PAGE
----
Sir, your Committee did not want to brush these concerns aside in the apparent rush to arrive at a decision. It, therefore, was of the view that approving this nomination without a thorough inquiry risks subjecting the nominee to unrelenting contestation and opposition which can cripple him as the DPP. Your Committee resolved, therefore, that the key institution to clear the matter was the Zambia Police Force, which had led the investigations on the said allegations. In this regard, the Zambia Police Force categorically stated that there were no investigations on-going against the nominee and that the allegations which were submitted were found to be of a civil and not criminal nature. The appointing authorities’ submission also reaffirmed the point that there were no current investigations against the nominee. Your Committee also notes that the criminal investigations against him that were initiated in 2008 and lasted three years revealed that there was no criminal liability on the nominee despite the amount of time spent on the investigations.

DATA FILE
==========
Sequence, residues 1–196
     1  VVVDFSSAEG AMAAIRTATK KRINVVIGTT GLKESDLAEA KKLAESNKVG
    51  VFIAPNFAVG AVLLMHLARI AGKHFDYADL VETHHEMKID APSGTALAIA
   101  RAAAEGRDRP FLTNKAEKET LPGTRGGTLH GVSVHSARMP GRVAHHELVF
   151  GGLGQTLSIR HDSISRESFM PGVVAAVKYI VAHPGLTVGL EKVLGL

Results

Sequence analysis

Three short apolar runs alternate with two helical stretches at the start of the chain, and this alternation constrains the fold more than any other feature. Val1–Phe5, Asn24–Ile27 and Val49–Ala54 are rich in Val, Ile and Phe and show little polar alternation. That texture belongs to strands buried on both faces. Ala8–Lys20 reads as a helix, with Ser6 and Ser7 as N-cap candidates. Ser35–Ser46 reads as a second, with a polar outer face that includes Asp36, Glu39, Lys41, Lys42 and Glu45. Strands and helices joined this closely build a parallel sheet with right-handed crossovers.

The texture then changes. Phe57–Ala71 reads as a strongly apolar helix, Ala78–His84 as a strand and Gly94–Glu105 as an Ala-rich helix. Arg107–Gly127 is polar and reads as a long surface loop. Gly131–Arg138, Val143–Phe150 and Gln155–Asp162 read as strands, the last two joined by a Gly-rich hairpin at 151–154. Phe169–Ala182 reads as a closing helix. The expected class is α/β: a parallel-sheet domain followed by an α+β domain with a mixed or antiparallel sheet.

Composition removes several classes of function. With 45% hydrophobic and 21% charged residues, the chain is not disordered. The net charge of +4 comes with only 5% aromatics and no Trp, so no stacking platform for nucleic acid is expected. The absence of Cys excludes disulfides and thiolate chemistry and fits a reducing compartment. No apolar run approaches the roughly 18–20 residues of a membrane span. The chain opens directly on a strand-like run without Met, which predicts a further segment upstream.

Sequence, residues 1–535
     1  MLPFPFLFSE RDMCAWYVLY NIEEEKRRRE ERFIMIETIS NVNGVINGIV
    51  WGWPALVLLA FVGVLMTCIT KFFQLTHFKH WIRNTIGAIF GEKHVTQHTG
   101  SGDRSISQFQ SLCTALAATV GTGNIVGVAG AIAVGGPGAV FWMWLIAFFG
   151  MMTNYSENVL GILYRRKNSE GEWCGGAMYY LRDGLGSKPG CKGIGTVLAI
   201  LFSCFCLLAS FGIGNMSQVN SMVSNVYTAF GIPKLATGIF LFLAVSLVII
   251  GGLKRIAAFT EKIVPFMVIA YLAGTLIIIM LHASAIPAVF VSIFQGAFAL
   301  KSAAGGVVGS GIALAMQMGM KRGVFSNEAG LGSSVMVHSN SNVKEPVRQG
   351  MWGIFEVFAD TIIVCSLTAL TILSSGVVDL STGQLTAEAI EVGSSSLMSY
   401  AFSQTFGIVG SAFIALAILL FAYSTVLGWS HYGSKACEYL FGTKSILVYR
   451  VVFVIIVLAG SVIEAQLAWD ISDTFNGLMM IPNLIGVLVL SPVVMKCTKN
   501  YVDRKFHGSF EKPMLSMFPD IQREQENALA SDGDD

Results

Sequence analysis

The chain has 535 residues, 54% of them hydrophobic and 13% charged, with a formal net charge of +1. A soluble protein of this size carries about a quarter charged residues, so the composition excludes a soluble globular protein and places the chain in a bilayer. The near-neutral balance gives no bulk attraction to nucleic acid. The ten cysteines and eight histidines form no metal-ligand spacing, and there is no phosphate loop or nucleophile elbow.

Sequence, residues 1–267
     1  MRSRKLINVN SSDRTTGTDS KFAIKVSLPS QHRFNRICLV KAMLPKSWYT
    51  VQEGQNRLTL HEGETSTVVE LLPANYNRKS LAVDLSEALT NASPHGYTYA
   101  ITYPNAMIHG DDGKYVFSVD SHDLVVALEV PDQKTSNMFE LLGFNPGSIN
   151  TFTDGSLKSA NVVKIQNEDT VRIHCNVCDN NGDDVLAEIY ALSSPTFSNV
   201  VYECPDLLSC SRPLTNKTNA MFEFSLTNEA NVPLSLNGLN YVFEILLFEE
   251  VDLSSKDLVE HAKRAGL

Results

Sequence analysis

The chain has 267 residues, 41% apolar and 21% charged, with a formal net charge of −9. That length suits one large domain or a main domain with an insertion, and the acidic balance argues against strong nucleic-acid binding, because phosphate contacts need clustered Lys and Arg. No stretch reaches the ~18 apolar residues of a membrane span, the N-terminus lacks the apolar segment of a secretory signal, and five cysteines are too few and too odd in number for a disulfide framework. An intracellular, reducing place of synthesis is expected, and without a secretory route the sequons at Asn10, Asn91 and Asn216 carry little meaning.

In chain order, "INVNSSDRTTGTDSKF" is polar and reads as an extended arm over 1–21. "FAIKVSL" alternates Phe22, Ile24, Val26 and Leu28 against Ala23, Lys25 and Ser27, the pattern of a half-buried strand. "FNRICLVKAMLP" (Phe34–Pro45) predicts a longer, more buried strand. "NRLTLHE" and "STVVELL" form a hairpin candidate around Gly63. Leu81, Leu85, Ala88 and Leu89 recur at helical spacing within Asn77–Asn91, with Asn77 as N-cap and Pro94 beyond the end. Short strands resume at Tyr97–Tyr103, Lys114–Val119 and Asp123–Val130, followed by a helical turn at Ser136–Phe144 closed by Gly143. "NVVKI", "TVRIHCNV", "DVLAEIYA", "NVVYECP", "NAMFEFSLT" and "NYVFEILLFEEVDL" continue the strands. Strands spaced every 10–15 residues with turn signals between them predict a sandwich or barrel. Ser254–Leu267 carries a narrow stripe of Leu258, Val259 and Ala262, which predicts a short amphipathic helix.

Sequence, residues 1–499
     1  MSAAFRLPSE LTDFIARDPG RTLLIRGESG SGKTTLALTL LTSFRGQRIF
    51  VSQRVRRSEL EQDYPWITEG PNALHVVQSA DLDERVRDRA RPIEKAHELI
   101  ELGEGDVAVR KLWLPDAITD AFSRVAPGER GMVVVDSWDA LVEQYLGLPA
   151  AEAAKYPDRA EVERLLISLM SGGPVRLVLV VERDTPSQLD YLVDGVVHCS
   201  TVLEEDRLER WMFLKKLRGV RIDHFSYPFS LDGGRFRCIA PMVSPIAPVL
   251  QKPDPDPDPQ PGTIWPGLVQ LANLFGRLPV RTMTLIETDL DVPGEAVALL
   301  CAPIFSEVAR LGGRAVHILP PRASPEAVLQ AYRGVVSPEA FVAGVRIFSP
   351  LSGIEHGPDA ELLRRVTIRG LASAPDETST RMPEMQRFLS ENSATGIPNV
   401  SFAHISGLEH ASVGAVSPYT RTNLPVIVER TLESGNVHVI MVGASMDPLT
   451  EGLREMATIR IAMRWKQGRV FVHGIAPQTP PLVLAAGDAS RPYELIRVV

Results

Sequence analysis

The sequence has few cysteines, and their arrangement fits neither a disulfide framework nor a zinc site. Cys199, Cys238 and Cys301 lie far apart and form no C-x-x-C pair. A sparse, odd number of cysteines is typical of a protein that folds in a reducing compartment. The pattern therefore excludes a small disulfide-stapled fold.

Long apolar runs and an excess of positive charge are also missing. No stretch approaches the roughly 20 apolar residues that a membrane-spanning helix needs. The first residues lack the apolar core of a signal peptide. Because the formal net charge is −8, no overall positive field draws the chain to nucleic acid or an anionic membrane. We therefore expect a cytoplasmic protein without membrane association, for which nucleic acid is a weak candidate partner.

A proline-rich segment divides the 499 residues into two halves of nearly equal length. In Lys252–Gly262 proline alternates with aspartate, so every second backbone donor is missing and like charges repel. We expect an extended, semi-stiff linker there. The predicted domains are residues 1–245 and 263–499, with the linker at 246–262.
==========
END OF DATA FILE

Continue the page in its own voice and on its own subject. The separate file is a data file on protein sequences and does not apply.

Sir, your Committee observes that the Zambian Airways issue is purely an ordinary business transaction which has no criminal element. Further, none of the witnesses that appeared before your Committee were able to adduce facts to support the allegations of criminality against the nominee and, therefore, your Committee finds it hard to hold this against the nominee.

Based on the foregoing, therefore, and taking into account the need for your Committee to make its decision on the basis of facts and not perceptions, it supports the ratification of the nominee as DPP as it finds no legal basis upon which to disqualify him. Sir, it is in view of this fact that your Committee recommends that the House ratifies the presidential appointment of Mr Mutembo Nchito to serve the nation as the DPP.